Who should advance to the next round?online surveys

Results So Far:

East Bracket:

(1) Julius Erving (91.8%) over (16) Von Hayes (8.2%)
(8) Simon Gagne (77.9%) over (9) Seth Joyner (22.1%)
(5) Eric Lindros (70.3%) over (12) Eric Allen (29.7%)
(4) Randall Cunningham (77.6%) over (13) Shane Victorino (23.4%)
(11) Cole Hamels (82.1%) over (6) Mark Recchi (17.9%)
(14) Tug McGraw (51.1%) over (3) Moses Malone (48.9%)
(7) Darren Daulton (74.0%) over (10) Andrew Toney (26.0%)
(2) Chase Utley (93.5%) over (15) Andre Waters (6.5%)

Midwest Bracket:

(1) Mark Howe (60.2%) over (16) David Akers (39.8%)
(9) Rod Brind'Amour (73.6%) over (8) Rick Tocchet (26.4%)
(5) Brian Westbrook (93.3%) over (12) Jayson Werth (6.7%)
(4) Mike Richards (85.1%) over (13) Trent Cole (14.9%)
(6) John LeClair (89.2%) over (11) Clyde Simmons (10.8%)
(3) Jimmy Rollins (75.8%) over (14) John Kruk (24.2%)
(7) Lenny Dykstra (51.9%) over (10) Dave Poulin (48.1%)
(2) Allen Iverson (83.1%) over (15) Jeremiah Trotter (16.9%)

West Bracket:

(1) Mike Schmidt (96.9%) over (16) Keith Byars (3.1%)
(9) Wilbert Montgomery (59.4%) over (8) Jeff Carter (40.6%)
(5) Ron Jaworski (83.5%) over (12) Bobby Abreu (16.5%)
(4) Ron Hextall (94.1%) over (13) Andre Iguodala (5.9%)
(6) Mike Quick (59.8%) over (11) Hugh Douglas (40.2%)
(3) Brian Dawkins (98.3%) over (14) Scott Rolen (1.7%)
(7) Maurice Cheeks (51.9%) over (10) Eric Desjardins (48.1%)

Phillies-Mets 5 things: All the pressure on Mets, Gsellman

Phillies-Mets 5 things: All the pressure on Mets, Gsellman

Phillies (70-85) at Mets (82-73)
1:10 p.m. on CSN

After two rough losses for the Phillies and their pitching staff, the offense picked them up and came through with a 10-8 win. 22-year-old Jake Thompson takes the hill this afternoon while Robert Gsellman starts a crucial game for the Mets.

Here are five things to watch on Sunday.

1. All the pressure on New York, Gsellman
The Mets remain 0.5 games up on the final National League playoff spot. 

While their pitching staff was falling apart at the seams going into (and during) this series, the one saving grace for New York was its soft schedule, facing the Phillies seven times in its last 10. Meanwhile, the St. Louis Cardinals have to deal with the MLB best Chicago Cubs and San Francisco Giants end the year vs. the NL West-leading Los Angeles Dodgers.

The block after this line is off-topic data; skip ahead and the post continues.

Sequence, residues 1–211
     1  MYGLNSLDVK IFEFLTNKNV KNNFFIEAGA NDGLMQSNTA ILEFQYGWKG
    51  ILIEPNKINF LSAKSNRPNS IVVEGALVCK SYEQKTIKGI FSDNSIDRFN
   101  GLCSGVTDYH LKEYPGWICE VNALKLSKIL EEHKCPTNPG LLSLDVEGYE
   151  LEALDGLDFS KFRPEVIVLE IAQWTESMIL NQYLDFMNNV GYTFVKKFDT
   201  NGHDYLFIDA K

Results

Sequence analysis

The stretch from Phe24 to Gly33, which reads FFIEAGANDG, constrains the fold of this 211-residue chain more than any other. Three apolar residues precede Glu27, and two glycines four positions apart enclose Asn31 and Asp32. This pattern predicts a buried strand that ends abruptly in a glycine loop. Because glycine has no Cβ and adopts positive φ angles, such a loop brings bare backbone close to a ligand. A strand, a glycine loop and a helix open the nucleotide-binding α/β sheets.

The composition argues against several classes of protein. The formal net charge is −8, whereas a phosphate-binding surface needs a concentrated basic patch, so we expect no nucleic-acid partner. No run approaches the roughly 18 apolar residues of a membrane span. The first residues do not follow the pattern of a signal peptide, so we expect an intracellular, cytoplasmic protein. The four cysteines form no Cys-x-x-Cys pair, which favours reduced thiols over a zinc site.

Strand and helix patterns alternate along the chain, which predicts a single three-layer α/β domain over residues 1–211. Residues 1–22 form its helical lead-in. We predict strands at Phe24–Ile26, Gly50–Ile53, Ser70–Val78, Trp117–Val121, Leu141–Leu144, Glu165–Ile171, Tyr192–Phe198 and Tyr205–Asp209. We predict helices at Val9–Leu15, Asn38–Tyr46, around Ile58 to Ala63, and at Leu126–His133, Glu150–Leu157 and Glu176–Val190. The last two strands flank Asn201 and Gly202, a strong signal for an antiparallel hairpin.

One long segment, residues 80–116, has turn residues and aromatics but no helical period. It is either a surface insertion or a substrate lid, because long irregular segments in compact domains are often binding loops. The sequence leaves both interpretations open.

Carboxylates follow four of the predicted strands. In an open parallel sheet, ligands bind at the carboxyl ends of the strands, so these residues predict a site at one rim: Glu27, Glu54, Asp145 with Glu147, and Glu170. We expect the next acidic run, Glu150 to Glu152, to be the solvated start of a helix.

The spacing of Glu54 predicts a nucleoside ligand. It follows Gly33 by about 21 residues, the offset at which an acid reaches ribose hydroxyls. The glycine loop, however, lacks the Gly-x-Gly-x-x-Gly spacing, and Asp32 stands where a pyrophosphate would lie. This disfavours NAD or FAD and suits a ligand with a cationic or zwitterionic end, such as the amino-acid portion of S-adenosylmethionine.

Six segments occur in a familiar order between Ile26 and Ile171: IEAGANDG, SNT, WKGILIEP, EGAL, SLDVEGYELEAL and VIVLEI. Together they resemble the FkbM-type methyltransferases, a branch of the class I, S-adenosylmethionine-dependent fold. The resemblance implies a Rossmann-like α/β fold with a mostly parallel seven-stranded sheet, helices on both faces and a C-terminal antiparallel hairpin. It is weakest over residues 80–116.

However, a loss on Saturday (thanks in part to Noah Syndergaard getting scratched with strep throat) puts the Mets in a precarious position. They're tied in the loss column with the Cards and Giants while fighting for one of two playoff spots and their rotation most closely resembles their Triple A team from Opening Day. 

Gsellman is one of those pitchers who started the year never having tasted the major leagues. In fact, he started the year in Double A. His first career start came at Citi Field last month against the Phillies and resulted in his first career loss after he allowed four runs in six innings. 

He's been better since that start, carrying a 3.13 ERA into Sunday. The 23-year-old righty will likely start vs. the Phillies again next weekend, meaning the Mets' season rides in part on a rookie with just 31 2/3 innings in the majors. 

2. Young man on a roll
While Gsellman lost his last start, Thompson has won his last two starts. The young righty is on a hot streak as his season nears an end.

Thompson's ERA has goe down in each of his last five starts, a stat made less impressive by the fact that he began that run with a 9.78 ERA. He has gone at least five innings in his last eight starts and has shown glimpses of why he was such a valued prospects.

In September, Thompson is 2-1 with a 3.09 ERA over four starts. He's still allowed 33 baserunners in 23 1/3 innings during that span, but it's been much better than his lackluster August.

While Thompson is in line to start next weekend against the Mets as well, today could be his final start of the season. He has already set a career-high in innings and the Phillies may not want to extend him one more start.

3. What to look for in the season's final week
Including Sunday, the Phillies have just seven games left in their season. They're eliminated from playoff contention, but there's still plenty to watch as the Phils take on Braves and Mets.